SWaP-C2 Optimized UAS Payloads

March 27, 2024

A wide variety of industries have begun deploying Unmanned Aerial Systems (UASs) on a massive scale. The International Trade Administration of the US Department of Commerce provides a good general definition of UAS:

A UAS generally consists of 1) an aircraft with no pilot on board, 2) a remote pilot station, 3) a command-and-control link, and 4) a payload specific to the intended application/operation, which often includes specialized cameras or other sensors that collect data for near term analysis.


The term payload is referenced frequently when discussing unmanned aerial systems (UASs). Payload refers to the weight that an aerial system can carry, outside of the weight of the UAS itself. The term payload, however, does not refer exclusively to munitions or ordinance. There are a wide variety of sensors, instruments, and cameras that fall within the payload.

Sensor payload examples:

  • Thermal cameras have revolutionized surveillance, inspection, and monitoring tasks across various industries. Thermal cameras capture heat emitted by objects and present a view based on temperature differences, allowing operations in complete darkness, through smoke, fog, or in other visibility-limiting conditions.
  • Lidar sensors/cameras utilize pulsed laser light to measure distances and to create detailed three-dimensional images of terrain or objects.
  • Hyperspectral imaging sensors collect and process information across the electromagnetic spectrum (from visible light to infrared) to obtain the spectrum for each pixel in an image.
  • Radar systems emit radio waves that bounce off objects or terrain and return to the radar antenna. Measuring the amount of time it takes for the radio waves to return to the sensor provides info about the speed and location of the targeted object or terrain. 
  • A wide variety of unique and/or purpose-built sensors are also employed by UASs.

SWaP-C2 Tradeoffs and UAS Efficiency

As unmanned aerial systems – and their payloads – become more complex, they require more processing power and often include data communications networking hardware. Ultimately, the range and capability of these platforms are limited by the size and weight; fuel costs increase as the size and weight of the UAS and payload increase.

Military UAS platforms provide a good illustration of SWaP-C2 (Size, Weight, Power, Cost, and Cooling) requirements and the tradeoffs. In general, UASs can be thought of as remotely or autonomously controlled sensor platforms for information gathering or surveillance. As the information-gathering payloads become more complex, they require more processing power, necessitating more or larger computing components and more power, adding more weight to the platform. Ultimately, the range and capability of these platforms are limited by size and weight. As the weight of the UAS increases, so does the fuel cost.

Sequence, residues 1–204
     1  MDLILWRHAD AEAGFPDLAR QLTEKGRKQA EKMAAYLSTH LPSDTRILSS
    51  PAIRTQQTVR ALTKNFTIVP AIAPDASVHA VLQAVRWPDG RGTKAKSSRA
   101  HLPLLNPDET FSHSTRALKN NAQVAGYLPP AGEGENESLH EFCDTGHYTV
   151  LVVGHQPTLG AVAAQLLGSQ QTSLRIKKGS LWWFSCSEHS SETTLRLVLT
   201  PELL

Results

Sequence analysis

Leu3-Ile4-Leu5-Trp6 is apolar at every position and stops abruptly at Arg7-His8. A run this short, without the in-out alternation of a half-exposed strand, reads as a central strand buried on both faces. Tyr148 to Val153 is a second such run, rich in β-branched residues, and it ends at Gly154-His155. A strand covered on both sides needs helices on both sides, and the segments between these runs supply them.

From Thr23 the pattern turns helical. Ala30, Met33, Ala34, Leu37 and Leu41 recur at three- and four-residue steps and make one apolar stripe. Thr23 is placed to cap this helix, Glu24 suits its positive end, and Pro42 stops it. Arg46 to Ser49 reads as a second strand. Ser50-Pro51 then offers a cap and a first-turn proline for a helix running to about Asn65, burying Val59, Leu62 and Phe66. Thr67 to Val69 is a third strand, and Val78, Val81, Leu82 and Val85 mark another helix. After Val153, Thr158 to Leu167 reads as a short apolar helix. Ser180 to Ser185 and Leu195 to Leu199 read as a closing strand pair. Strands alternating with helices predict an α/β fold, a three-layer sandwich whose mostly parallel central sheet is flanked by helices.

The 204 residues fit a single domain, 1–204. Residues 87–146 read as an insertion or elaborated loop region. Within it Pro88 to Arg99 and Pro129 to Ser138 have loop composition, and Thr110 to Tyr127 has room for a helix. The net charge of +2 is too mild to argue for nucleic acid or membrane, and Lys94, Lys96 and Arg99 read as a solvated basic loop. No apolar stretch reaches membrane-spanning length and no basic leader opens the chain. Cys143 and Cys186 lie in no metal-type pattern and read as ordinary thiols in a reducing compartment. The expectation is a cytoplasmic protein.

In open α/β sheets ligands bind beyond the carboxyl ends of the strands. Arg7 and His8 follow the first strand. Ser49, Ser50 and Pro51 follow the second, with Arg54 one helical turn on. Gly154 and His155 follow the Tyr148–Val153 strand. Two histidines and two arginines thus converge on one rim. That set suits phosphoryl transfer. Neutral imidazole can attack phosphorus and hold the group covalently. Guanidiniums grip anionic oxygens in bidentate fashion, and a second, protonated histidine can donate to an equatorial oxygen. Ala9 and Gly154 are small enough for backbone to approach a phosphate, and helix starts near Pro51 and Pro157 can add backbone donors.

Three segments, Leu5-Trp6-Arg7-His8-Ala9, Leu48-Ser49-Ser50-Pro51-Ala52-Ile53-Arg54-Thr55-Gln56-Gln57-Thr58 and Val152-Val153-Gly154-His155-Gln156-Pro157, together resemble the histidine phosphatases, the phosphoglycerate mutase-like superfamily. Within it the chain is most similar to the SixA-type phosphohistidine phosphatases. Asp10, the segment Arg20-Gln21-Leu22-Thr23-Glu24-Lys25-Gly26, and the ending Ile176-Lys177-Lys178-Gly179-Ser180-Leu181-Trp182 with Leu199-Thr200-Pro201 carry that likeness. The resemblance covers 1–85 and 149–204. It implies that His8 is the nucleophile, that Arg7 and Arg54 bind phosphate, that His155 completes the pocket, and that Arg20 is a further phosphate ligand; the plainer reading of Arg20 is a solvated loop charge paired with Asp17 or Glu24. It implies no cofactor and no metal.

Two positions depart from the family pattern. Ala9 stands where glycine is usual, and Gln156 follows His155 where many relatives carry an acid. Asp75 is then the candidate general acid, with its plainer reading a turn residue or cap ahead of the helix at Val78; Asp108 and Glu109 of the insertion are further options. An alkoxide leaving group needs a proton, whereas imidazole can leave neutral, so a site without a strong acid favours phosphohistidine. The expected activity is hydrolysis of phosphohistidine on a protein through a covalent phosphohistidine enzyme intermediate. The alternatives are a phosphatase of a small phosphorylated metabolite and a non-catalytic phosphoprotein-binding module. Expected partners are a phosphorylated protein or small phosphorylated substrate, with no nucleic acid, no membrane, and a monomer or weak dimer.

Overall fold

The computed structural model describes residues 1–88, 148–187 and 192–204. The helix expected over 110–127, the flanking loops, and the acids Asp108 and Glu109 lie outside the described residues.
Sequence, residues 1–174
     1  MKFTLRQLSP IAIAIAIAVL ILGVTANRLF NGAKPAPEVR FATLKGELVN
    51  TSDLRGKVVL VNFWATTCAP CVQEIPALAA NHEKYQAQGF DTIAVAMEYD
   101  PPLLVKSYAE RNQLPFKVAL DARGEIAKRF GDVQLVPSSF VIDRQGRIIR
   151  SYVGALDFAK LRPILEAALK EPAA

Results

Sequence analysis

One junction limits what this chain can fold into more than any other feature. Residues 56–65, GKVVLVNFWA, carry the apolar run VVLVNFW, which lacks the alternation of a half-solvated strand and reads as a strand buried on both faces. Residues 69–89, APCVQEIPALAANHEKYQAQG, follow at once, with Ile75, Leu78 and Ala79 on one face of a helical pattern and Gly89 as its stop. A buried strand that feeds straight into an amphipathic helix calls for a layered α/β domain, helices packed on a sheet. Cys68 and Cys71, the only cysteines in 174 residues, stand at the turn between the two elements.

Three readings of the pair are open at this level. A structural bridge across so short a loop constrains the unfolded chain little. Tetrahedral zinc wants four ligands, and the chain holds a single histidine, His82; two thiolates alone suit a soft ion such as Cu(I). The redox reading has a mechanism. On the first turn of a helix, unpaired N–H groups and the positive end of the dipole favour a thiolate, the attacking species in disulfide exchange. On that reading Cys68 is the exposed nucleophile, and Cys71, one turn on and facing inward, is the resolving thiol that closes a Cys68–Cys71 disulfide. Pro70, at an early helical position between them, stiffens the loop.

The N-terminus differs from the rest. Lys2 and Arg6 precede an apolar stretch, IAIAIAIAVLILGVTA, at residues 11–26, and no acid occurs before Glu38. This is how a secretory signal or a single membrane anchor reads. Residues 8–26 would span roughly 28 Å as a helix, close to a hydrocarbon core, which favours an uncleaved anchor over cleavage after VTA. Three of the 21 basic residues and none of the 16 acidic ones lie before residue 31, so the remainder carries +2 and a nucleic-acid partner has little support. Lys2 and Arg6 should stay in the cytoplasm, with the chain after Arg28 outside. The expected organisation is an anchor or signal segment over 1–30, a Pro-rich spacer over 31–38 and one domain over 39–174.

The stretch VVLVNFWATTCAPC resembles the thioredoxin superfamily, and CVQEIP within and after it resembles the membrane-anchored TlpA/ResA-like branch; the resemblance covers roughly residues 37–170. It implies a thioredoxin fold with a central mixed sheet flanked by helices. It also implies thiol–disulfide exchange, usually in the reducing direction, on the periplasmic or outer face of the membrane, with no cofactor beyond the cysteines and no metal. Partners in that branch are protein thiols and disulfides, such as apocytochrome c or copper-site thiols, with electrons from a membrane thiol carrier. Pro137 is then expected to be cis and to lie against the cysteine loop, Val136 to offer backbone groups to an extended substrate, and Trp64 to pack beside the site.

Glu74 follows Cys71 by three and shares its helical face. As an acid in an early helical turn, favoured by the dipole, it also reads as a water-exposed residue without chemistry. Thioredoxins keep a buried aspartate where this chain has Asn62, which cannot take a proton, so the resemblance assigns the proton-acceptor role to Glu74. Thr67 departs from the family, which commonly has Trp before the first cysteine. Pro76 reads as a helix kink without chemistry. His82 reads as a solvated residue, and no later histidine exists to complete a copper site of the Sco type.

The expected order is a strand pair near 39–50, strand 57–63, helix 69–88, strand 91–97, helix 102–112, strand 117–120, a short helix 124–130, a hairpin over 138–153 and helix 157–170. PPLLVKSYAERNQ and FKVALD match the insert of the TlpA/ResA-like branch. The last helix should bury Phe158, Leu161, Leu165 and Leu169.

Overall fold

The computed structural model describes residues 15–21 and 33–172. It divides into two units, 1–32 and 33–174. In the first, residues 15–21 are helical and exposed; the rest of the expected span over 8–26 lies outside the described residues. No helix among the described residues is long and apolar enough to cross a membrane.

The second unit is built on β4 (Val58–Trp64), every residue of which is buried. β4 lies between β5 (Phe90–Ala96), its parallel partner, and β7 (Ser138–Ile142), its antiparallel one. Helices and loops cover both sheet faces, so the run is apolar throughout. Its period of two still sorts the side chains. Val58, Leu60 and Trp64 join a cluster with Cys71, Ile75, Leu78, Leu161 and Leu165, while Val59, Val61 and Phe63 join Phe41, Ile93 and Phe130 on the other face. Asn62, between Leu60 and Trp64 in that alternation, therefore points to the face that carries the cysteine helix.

This tradeoff between the payload and the range of a UAS is quite similar to that faced by spacecraft. While by no means a direct comparison, the “tyranny of the rocket equation,” provides an apt illustration. In a rocket, if the mass of the payload is increased – even minimally – it requires a significant increase in the amount of propellant needed to get to space. The increase in propellant adds more mass, which in turn increases the amount of fuel needed to lift the rocket, creating an untenable feedback loop.

While the interplay between weight and fuel costs in atmospheric UASs is not subject to the razor-thin margins of the rocket equation, the same constraints apply. Therefore, to make the most efficient use of a UAV, the payload – in addition to the UAS itself – must be SWaP-C2 optimized.

Optimizing SWaP-C2 Sensor Payloads

Taking everything above into consideration, designers and manufacturers must optimize sensor payloads for SWaP-C2. This can be a challenging task, often requiring an outside-the-box approach. Sealevel’s work with a hyperspectral imaging system manufacturer provides a great illustration.

Among the hyperspectral solutions offered by the manufacturer is a system purpose-built for unmanned aerial vehicles (UAVs). Its use on UAS platforms makes the system particularly susceptible to SWaP-C2 constraints, as well as extreme vibration and shock tolerance. After performing a detailed analysis of the mechanical and environmental requirements, the Sealevel team specified a COM Express architecture. Due to the unique enclosure of the end product and expansive I/O, Sealevel ultimately proceeded with the development of a unique two-carrier board solution.

Optimizing SWaP-C2 is a balancing act, requiring careful consideration of all parts and individual components. Often, seemingly minor design changes can affect a device or system’s performance. In UAS applications specifically, SWaP-C2 must be managed and optimized to improve operational efficiency and logistics, increase mission life, and reduce the total cost of system ownership.